November 20, 2015

Sex-offender registry requires reboot in Ohio and the nation: editorial

When the powers that be say it is not working, and th wrong people are on it, what more needs to be said; get rid of it!
11-20-15 Ohio:

Title 1 of the Adam Walsh Child Protection and Safety Act of 2006 created an all-inclusive state-by-state registry of convicted sex offenders.

Known as the Sex Offender Registration and Notification Act, Title 1 also attempted the impossible: to protect the public, particularly children, from convicted sexual predators who had done their time and were now back on the street.

It was well-intentioned, codifying rules that mandate states monitor and track sex offenders by having them publicly register their addresses.

Parents, guardians, caregivers, and anyone else can access those records online, or by contacting their local sheriff's department, to see where released sex offenders are living in their neighborhoods.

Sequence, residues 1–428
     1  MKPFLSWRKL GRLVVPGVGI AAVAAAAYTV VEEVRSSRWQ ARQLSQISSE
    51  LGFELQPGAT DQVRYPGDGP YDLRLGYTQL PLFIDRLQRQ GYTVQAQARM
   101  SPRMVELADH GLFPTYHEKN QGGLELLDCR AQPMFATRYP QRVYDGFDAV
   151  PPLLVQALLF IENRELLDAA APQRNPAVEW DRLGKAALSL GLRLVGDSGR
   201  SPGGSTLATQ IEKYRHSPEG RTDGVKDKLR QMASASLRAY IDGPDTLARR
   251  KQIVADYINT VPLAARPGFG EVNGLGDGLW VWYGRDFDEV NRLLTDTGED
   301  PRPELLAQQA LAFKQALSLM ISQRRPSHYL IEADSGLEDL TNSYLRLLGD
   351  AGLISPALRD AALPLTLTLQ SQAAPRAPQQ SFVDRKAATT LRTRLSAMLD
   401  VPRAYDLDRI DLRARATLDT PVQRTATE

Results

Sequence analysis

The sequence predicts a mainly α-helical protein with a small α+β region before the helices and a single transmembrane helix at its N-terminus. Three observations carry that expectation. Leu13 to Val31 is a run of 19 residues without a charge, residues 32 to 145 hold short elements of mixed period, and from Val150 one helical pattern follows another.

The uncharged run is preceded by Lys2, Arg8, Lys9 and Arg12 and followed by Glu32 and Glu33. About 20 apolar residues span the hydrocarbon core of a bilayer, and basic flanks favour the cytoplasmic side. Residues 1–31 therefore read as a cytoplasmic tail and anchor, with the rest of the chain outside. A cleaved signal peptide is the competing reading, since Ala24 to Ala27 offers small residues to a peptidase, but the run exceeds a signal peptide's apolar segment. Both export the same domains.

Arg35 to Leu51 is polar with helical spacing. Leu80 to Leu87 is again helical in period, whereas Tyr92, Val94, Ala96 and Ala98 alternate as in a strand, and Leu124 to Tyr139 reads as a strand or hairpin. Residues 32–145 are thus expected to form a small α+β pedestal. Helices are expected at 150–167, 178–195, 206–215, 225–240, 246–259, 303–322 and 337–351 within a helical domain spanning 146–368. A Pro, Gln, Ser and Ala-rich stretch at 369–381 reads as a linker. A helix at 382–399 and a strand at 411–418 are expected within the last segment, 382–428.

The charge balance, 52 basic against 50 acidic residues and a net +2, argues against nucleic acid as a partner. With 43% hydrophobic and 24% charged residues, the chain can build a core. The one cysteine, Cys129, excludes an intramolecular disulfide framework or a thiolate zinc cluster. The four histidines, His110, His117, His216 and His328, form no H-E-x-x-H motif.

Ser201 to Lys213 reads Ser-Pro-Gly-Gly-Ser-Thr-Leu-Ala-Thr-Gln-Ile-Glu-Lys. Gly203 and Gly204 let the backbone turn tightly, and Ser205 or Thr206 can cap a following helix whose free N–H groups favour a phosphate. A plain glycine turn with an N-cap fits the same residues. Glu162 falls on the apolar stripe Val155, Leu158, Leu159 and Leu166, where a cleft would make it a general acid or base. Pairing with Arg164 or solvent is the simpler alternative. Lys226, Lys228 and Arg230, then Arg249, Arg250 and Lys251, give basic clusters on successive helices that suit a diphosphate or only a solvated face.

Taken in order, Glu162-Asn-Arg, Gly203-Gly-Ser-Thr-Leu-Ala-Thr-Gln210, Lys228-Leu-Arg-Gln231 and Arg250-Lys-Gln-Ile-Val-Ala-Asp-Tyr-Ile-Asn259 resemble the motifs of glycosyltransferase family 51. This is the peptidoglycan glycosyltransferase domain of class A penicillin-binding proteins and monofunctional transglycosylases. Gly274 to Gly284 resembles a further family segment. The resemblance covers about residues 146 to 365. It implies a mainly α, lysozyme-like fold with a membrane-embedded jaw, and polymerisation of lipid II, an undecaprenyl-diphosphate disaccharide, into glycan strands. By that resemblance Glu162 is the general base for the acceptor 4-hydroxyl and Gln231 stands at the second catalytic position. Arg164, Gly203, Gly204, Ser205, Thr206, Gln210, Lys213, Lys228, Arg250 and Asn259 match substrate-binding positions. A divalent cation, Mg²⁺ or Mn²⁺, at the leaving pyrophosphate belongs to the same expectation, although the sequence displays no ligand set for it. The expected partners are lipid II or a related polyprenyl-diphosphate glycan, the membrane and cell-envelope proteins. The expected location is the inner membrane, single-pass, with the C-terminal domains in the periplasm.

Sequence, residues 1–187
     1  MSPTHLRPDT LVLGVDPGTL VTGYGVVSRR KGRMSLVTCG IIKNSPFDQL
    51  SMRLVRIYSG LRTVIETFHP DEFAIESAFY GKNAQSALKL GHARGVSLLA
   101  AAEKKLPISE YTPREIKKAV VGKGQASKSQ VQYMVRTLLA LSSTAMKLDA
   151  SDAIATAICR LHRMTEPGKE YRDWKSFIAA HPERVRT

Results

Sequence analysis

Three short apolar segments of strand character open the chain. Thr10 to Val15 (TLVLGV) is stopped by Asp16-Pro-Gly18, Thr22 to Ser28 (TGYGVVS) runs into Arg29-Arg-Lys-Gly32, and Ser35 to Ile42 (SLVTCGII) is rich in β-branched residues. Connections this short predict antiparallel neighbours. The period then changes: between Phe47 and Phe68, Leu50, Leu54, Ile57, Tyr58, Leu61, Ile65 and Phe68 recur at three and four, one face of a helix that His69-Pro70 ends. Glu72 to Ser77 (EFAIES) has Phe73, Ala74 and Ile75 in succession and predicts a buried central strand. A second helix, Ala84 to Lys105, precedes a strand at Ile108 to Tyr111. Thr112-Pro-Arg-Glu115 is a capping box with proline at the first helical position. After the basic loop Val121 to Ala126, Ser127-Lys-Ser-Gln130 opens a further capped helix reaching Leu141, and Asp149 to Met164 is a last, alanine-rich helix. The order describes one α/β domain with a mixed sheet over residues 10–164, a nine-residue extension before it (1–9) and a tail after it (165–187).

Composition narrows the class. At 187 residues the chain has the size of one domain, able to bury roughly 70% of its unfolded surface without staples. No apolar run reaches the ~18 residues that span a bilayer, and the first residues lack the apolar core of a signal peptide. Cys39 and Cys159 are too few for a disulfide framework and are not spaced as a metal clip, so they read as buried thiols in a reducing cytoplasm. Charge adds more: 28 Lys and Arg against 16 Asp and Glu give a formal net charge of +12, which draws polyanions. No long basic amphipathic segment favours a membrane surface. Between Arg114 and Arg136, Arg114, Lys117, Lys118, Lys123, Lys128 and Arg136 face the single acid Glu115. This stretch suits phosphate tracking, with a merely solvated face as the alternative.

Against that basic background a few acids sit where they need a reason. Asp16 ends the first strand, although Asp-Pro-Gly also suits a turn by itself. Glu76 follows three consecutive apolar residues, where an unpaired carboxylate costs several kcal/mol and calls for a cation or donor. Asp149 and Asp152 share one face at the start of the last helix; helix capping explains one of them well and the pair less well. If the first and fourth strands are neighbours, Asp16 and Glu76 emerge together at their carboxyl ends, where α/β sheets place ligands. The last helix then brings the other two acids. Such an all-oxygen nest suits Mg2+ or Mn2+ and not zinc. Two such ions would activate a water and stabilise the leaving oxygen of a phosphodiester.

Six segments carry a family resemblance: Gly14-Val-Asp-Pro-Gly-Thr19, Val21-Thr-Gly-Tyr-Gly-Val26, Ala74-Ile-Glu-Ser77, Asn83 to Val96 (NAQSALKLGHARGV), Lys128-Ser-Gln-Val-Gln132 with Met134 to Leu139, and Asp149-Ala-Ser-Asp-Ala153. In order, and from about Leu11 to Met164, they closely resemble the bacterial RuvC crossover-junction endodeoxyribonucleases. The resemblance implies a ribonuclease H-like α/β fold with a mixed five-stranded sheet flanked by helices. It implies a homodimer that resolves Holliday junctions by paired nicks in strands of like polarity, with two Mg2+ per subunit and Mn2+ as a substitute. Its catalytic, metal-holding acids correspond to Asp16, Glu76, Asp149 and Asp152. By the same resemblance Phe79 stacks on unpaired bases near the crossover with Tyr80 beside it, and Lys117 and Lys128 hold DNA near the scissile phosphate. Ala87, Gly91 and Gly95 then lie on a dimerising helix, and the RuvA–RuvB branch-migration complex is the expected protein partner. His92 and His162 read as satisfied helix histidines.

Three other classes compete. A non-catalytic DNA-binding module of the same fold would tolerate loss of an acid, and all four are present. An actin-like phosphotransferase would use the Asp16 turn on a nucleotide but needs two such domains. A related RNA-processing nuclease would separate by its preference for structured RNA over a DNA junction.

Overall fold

States were given three years to implement the registry. Noncompliance with the federal law would be punished by a 10 percent cut in millions of dollars of annual federal criminal justice funding.

Ohio, which had a less-rigid sex-registry law already, complied -- creating what critics now call a one-size-fits-all behemoth of a sex registry that wrongly limits judicial discretion, penalizes young people and costs sheriff's departments hundreds of thousands of unneeded dollars to monitor.

In fact, SORNA – as the federal registry law is known colloquially -- is today under attack by the very people who advocate for the rights of survivors and victims of sexual assault as well as the judiciary that rules on the consequences of such predatory behavior.

"It's like using an Atom Bomb when a stick of dynamite would do the job," said Cuyahoga County Common Pleas Judge Michael Donnelly.

"It creates this false sense of security," said Sondra Miller, head of the Cleveland Rape Crisis Center.

Even the Ohio Supreme Court has weighed in, declaring sections of the state's version of SORNA unconstitutional, according to assistant state public defender Brooke Burns. In 2012 the court ruled that imposing automatic lifetime registration requirements on juveniles was cruel and unusual punishment. ..Continued.. by Editorial Board

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